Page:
John McCaslin

How about politicizing your car's dashboard with a John Kerry bobblehead?

And for you fishermen out there, what better bait to hang on your line than a shiny John Kerry fishing lure?

'Tis the season of political paraphernalia, and from now until November you can buy just about anything with a presidential mug attached to it.

There's the John Kerry dartboard (aim for the nose). And tell what time the polls close with George W. Bush and John Kerry "horse's (rear)" wall clocks.

President Bush, a former owner of the Texas Rangers baseball team, obviously has signed his share of baseballs. Yet more rare is a baseball signed by Kerry.

"You are bidding on an official major league baseball that has been signed in person by presidential hopeful John Kerry," writes one EBay entrepreneur. "The mint baseball was signed in person by Kerry when he was in St. Paul, Minn., on Wednesday, Feb. 25, 2004. He signed the ball after speaking at St. Thomas College. The ball was signed on the sweet spot and looks real nice. He signed the ball with a ballpoint pen that turned out really well. You will not find a better looking John Kerry ball anywhere."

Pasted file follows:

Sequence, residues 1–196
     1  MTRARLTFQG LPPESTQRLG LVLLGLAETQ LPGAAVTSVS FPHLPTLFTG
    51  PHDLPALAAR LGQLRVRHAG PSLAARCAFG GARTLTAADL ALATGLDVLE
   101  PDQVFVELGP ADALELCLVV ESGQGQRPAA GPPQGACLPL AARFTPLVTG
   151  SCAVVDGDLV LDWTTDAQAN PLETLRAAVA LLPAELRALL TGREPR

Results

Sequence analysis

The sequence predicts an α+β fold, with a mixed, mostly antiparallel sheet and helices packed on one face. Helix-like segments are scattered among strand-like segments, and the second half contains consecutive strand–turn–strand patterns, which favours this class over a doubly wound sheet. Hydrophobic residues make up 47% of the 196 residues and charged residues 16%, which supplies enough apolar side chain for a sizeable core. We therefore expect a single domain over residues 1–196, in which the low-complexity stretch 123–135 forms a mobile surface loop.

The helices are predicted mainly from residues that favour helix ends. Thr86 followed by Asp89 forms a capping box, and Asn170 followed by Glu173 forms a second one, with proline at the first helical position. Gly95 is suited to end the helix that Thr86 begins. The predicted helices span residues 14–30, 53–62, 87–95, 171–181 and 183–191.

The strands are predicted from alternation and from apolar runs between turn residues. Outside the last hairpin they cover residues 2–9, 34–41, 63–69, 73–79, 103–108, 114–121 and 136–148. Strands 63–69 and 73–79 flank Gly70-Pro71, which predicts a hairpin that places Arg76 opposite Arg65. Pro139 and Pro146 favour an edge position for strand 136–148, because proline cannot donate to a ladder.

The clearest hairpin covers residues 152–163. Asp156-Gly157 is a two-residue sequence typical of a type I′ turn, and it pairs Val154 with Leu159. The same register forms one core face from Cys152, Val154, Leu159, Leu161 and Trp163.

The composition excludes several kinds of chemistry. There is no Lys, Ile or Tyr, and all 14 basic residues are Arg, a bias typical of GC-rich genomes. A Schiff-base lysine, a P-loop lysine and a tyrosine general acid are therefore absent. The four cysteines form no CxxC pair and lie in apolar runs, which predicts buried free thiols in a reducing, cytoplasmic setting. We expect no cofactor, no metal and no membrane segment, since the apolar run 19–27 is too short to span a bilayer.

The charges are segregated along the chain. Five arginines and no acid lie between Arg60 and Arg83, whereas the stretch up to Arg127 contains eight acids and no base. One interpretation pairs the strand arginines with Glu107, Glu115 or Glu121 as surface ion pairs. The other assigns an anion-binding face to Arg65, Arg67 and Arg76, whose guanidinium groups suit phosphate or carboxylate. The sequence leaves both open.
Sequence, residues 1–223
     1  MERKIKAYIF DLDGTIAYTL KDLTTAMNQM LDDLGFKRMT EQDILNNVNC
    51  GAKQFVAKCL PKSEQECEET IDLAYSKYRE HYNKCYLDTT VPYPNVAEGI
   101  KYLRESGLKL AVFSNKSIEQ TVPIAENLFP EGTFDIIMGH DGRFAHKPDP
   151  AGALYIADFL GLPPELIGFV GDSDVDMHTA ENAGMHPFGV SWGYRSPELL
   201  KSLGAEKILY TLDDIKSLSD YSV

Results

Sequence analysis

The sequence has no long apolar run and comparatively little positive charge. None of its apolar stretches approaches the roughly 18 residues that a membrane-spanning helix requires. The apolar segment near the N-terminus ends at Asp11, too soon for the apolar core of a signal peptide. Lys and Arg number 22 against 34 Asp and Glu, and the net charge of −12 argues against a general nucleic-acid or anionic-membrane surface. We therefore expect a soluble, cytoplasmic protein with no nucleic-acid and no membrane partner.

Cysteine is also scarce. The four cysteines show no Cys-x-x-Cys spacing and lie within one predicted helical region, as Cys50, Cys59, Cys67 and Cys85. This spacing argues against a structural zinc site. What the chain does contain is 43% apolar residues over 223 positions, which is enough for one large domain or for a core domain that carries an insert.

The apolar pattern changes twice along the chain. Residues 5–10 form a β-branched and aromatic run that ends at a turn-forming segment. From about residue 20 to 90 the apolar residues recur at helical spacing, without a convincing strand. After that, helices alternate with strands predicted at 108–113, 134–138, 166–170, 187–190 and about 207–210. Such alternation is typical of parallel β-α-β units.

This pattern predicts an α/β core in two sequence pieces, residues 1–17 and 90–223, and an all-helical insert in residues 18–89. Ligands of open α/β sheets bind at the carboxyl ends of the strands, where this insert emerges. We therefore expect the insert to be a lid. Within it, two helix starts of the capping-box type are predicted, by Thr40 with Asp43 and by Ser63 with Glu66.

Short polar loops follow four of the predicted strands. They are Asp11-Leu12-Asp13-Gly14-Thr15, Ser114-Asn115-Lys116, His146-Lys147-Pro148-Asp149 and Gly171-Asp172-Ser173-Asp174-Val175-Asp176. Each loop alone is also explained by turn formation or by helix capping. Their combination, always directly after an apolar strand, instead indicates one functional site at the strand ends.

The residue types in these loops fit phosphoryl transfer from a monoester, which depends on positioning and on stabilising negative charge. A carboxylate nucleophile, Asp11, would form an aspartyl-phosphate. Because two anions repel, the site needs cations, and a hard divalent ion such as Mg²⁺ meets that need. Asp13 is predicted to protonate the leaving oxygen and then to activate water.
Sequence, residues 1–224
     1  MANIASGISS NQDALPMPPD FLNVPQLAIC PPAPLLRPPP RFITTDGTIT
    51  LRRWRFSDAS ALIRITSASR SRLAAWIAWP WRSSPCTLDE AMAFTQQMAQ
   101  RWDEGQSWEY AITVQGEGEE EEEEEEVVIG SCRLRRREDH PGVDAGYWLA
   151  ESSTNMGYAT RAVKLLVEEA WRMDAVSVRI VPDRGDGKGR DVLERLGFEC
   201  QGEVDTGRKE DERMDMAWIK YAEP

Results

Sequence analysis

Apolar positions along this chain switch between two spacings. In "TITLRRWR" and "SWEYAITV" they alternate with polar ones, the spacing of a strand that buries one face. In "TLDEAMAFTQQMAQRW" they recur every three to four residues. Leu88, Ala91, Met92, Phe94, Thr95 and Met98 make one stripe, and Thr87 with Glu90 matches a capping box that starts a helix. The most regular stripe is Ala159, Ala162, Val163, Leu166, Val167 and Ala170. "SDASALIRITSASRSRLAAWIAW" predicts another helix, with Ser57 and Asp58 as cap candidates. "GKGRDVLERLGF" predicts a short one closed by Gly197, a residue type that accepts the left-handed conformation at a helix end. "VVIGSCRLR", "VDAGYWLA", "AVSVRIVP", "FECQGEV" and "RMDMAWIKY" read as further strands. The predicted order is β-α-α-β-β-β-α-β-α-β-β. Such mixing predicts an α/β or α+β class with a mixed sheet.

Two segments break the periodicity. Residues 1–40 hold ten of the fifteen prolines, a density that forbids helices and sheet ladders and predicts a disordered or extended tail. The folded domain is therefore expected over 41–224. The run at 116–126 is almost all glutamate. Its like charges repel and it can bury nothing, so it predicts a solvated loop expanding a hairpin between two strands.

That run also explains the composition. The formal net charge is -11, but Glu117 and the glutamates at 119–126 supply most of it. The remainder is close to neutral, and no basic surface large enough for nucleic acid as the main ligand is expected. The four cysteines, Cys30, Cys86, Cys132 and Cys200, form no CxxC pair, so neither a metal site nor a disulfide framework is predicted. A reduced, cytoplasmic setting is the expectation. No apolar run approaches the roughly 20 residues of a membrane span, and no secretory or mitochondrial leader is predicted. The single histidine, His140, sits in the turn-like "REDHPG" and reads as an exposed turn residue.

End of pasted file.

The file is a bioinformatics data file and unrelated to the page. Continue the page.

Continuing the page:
What's interesting about campaign buttons at this stage of the presidential contest is we still don't know the name of Kerry's running mate. So as we await word, buttons are touting everybody from "Kerry-Edwards" and "Kerry-Dean" to "Kerry-Clinton" (as in Hillary Rodham) and the "Dream Team: Kerry-McCain."

Our favorite button on the auction block, though, is a rare red, white and blue "The Duke & John Kerry," which we've discovered on EBay.

Who's the Duke?

"The 'Duke,' of course, is Mike Dukakis, the former governor of Massachusetts and the unsuccessful Democratic nominee for President in 1988," the seller says. "This pin is from 1982, when Dukakis was running for governor with John Kerry ... sharing the ticket as the candidate for lieutenant governor."

COMEDY ROUTINE

What House Majority Whip Roy Blunt of Missouri still can't figure out is why a Sept. 11 commission member - in this case former Sen. Bob Kerrey (D-Neb.) - would appear on Comedy Central's "The Daily Show" and satirize hearings into why the terrorist attacks happened - and just hours before testimony from President Bush.

"This is not a laughing matter," says Blunt, a Republican. "Just two days before the 9/11 commission is scheduled to question the president of the United States about intelligence failures that precipitated the loss of more than 3,000 Americans, Sen. Bob Kerrey asked a comedian for pointers."


John McCaslin

John McCaslin is a contributing columnist on Townhall.com and author of Inside The Beltway: Offbeat Stories, Scoops, and Shenanigans from around the Nation's Capital .

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